Rebecca Conroy and Anna Strewler, Hartford Scholarship recipients, and AGNP students graduating this Spring presented the poster: "Polyherbacy: A Grey Area in Clinical Care" at the Annual Scientific Meeting of the American Geriatrics Society (AGS), in Orlando Florida, May 15, 2014. This poster compliments the Journal of the American Medical Association (JAMA), Internal Medicine article recently published and co-authored with their mentor Helen Kao, Geriatrican, Associate Professor, UCSF Geriatrics Division. A link to the Journal of American Medical Association publication "Approach to Overuse of Herbal and Dietary Supplements" can be found here: http://archinte.jamanetwork.com/article.aspx?articleid=1876678 and a description of the poster can be found below.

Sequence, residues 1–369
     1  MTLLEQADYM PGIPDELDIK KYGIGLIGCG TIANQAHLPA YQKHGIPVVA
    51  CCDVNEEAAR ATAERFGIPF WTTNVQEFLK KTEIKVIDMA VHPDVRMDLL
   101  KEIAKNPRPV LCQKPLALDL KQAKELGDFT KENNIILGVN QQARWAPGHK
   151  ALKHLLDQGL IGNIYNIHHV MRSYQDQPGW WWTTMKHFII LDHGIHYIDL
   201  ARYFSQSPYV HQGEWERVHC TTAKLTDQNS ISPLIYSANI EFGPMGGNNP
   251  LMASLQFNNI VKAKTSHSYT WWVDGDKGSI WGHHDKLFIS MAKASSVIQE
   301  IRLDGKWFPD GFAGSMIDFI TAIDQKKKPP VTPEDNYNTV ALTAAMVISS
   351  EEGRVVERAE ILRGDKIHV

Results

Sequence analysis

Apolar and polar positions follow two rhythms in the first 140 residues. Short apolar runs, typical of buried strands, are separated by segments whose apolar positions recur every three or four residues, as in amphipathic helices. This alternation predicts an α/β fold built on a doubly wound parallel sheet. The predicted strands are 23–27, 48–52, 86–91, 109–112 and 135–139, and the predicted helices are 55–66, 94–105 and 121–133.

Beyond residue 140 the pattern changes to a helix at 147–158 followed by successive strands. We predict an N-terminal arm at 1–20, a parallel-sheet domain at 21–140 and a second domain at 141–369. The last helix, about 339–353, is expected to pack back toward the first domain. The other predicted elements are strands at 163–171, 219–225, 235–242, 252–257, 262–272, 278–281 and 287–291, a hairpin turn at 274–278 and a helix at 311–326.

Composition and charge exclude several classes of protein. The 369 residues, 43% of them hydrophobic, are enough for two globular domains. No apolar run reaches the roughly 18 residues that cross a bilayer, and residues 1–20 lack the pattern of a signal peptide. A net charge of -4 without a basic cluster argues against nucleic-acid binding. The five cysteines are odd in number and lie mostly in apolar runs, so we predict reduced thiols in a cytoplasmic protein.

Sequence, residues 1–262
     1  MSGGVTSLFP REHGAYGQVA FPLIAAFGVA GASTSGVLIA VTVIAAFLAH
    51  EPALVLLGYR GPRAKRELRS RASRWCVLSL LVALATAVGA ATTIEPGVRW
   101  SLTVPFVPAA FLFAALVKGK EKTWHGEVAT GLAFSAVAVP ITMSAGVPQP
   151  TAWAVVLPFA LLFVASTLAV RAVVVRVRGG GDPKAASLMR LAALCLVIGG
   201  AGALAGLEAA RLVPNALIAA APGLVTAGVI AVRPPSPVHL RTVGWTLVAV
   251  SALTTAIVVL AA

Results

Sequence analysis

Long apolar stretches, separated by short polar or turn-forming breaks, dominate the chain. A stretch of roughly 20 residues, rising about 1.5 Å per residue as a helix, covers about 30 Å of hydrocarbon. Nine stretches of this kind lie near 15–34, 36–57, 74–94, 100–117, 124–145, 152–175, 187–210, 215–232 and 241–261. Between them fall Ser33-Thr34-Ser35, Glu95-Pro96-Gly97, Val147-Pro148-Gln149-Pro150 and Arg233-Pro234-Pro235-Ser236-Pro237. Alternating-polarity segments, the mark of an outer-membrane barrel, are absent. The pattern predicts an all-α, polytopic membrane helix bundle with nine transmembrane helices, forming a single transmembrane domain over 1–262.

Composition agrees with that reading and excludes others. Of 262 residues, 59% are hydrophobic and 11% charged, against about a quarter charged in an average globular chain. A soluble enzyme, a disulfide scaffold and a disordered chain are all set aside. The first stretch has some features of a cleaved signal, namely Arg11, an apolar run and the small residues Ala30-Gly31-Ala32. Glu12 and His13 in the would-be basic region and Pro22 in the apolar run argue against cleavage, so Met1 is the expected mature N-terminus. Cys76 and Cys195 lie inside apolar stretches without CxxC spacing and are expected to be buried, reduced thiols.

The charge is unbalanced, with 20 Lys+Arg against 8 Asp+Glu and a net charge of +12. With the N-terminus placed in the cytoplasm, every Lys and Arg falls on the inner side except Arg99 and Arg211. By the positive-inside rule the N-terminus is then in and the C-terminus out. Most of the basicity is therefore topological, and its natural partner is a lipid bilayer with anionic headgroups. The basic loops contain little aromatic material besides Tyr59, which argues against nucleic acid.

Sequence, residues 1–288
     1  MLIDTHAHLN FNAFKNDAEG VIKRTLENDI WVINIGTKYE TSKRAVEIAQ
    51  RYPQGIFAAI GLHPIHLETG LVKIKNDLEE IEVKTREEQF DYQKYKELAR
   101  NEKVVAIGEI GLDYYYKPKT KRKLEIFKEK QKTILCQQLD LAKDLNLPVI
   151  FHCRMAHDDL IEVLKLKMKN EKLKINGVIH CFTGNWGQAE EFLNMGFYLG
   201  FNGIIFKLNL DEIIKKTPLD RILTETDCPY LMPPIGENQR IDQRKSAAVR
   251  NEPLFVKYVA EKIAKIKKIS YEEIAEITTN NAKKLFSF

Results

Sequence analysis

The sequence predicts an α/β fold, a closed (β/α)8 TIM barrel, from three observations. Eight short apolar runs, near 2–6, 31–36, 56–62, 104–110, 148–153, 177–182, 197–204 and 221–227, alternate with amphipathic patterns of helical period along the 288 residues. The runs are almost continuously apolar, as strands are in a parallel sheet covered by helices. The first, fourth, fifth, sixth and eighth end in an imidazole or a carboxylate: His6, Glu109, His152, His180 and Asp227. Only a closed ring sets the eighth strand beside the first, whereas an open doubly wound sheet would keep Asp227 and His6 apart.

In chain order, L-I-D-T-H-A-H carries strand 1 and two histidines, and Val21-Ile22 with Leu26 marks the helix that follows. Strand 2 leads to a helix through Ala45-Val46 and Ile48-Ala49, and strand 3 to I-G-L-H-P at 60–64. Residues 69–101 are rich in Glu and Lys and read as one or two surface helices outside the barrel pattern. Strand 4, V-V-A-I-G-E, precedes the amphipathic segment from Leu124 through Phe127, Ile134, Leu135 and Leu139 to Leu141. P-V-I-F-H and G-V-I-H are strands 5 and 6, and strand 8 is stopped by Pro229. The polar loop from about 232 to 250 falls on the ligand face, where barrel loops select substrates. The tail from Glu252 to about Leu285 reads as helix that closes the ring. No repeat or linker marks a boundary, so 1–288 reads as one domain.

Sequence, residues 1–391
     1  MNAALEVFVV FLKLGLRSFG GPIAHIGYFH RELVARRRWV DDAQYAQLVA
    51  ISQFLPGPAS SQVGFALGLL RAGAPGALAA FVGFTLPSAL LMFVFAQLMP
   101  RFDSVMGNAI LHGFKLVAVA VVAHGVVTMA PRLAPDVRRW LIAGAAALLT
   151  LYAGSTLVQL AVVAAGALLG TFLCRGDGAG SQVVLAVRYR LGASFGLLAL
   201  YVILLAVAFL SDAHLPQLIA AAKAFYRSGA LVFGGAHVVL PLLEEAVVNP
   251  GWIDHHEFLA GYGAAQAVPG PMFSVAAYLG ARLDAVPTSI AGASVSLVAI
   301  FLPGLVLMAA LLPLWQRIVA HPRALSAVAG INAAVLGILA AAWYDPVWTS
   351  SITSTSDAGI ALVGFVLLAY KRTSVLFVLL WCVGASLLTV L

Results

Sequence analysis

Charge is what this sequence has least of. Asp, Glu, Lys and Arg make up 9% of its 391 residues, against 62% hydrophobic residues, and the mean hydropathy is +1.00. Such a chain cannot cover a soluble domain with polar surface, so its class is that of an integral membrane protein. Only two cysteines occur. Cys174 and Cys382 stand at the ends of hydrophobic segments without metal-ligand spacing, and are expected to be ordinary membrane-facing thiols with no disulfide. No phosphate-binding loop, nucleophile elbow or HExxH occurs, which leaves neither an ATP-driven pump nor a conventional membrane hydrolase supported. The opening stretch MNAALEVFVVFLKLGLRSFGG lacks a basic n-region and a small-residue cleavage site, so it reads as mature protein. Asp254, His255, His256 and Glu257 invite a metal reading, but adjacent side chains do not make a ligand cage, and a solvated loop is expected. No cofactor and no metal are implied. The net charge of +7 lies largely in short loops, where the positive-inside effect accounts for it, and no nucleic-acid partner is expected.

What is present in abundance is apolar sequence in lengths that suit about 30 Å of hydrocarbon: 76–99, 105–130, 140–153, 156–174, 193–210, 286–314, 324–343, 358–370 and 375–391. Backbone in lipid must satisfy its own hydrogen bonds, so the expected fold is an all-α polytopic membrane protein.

"Polyherbacy: A Grey Area in Clinical Care"
Presented at the Annual Scientific Meeting of American Geriatrics Society (AGS), in Orlando Florida, May 15, 2014
A case study focusing on an 80 year old patient who presented to geriatrics clinic with over 50 supplements and herbs, incurring approximately $36,000 yearly and significant financial strain. Literature reviewed both few safety concerns and little evidence of efficacy for most of his supplements, yet little research existed. The patient was presented with these findings and a process of shared decision-making was commenced, using the recommendations of colleague pharmacists to taper or discontinue the majority of his supplements, while still treating his existing medical conditions and complaints. In this case, we present a suggested approach for older patients with "polyherbacy," or the inappropriate or excessive use of dietary supplements. Major take aways are that 1) polyherbacy affects the health and finances of older adults, 2) polyherbacy presents a grey area in geriatric medicine, with a need for increased clinician training, and 3) clinicians should engage in an ongoing discussion of evidence of both efficacy and harms with patients.